European elections, in that now old-fashioned sounding political science term, are “second order” elections. This means that the campaign is often not about the democratic tier to which politicians are being elected and these elections usually gain little attention from either media or public. This time it is very different. These are European elections very firmly focused on Europe, which in itself is unusual. But even this statement requires some unpicking; obviously Brexit is the only game in town but, in many respects, Brexit is not just about Europe; it is becoming more a UK domestic political issue with international implications.
So, let’s discuss what we DO know. First, after some uncertainty, the elections will happen. In March, when Theresa May returned from her latest negotiations, she’d hoped that a deal would be struck before the deadline to take part in these elections. But the ticking clock ran out of time to get any agreement (which doesn’t exist) through the Commons with the support it needs (and doesn’t have). Still, May still hopes Parliament will ratify the Withdrawal Agreement Bill before MEPs take their seats in July.
We know something about how many votes it will take to win a seat. 15% of the vote share was what it took last time, therefore to win two of the four Welsh seats, the party that comes first would need to win over double the vote share of the party coming 4th. Last time, in the heady pre-referendum days, and just before David Cameron won a narrow 2015 election majority, UKIP topped the poll with over a quarter of the vote and 24 seats. UKIP even came within a whisker (half a percentage point) of beating Labour in Wales and ending Labour’s remarkable and continuous hegemony here.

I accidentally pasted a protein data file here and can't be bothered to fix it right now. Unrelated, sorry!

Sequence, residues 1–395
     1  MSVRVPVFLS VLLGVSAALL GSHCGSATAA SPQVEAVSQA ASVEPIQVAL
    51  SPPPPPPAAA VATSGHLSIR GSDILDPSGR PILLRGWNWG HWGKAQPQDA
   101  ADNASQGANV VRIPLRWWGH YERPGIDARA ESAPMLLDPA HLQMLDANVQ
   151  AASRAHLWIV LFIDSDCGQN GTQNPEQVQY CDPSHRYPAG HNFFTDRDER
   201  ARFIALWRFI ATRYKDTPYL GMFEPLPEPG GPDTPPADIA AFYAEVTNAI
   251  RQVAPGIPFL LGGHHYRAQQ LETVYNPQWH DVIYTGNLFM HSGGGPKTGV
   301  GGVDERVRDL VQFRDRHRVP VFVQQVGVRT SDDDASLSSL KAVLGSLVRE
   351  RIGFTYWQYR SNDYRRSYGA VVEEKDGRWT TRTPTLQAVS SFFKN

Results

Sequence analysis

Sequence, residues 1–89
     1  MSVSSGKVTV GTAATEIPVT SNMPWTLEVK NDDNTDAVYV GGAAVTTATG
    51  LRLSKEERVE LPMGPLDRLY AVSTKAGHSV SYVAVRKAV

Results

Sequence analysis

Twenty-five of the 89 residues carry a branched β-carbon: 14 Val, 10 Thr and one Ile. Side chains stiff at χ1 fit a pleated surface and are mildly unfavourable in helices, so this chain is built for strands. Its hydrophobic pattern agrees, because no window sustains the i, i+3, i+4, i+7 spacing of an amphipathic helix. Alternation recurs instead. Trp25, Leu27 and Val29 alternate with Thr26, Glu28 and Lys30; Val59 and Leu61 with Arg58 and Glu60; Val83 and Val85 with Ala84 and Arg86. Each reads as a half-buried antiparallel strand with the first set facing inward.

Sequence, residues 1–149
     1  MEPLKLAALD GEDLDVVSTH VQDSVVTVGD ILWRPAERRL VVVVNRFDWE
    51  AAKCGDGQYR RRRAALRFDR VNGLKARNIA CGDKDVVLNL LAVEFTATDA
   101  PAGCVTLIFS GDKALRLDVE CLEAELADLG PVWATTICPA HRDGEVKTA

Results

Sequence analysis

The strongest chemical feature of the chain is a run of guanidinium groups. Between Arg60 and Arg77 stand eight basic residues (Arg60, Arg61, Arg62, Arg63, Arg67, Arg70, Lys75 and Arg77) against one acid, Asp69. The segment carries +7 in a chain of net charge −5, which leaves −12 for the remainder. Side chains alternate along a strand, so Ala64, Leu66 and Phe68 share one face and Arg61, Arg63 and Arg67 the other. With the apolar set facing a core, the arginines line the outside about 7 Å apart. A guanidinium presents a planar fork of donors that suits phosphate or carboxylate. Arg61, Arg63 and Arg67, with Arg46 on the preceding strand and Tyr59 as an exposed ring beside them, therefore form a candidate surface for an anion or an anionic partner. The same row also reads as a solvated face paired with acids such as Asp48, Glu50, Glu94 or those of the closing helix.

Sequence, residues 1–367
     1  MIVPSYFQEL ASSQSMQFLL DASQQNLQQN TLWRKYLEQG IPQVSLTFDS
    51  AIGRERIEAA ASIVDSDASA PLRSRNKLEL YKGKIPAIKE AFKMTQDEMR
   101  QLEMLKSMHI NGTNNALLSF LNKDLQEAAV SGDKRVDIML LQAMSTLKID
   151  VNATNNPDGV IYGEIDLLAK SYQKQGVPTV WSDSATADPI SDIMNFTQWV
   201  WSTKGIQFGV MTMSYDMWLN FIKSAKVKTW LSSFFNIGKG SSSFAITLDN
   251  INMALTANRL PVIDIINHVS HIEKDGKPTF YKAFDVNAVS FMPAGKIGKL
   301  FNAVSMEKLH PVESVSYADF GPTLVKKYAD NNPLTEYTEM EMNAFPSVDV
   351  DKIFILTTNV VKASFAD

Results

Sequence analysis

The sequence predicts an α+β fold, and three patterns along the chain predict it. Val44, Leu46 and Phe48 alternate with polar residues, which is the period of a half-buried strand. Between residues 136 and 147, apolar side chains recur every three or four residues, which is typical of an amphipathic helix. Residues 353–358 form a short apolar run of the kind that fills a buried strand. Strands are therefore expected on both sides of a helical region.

Evidently, these elections resemble more a referendum than a normal election. It feels like a re-run of the 2016 referendum, but set against higher frustration and greater political distrust, and with even more division, bile and anger (and that’s just amongst politicians!).
We know that political identities are now less about party, having polarised into the simple binary of Remain and Leave. We also know we are in a uniquely unpredictable and fluid political time.
So, on to what we THINK we know: the two major parties should be very fearful about their prospects, in Wales and across the UK. 2019 feels a long way from the General Election of two years ago when Labour and the Conservatives swept up over 80% of all votes cast. That election looks more and more an outlier now as it feels like voters are more confident about shedding their usual party preference.
Thanks to my colleague, Professor Awan-Scully, we will have more Wales polling intelligence early next week, but we can speculate for now.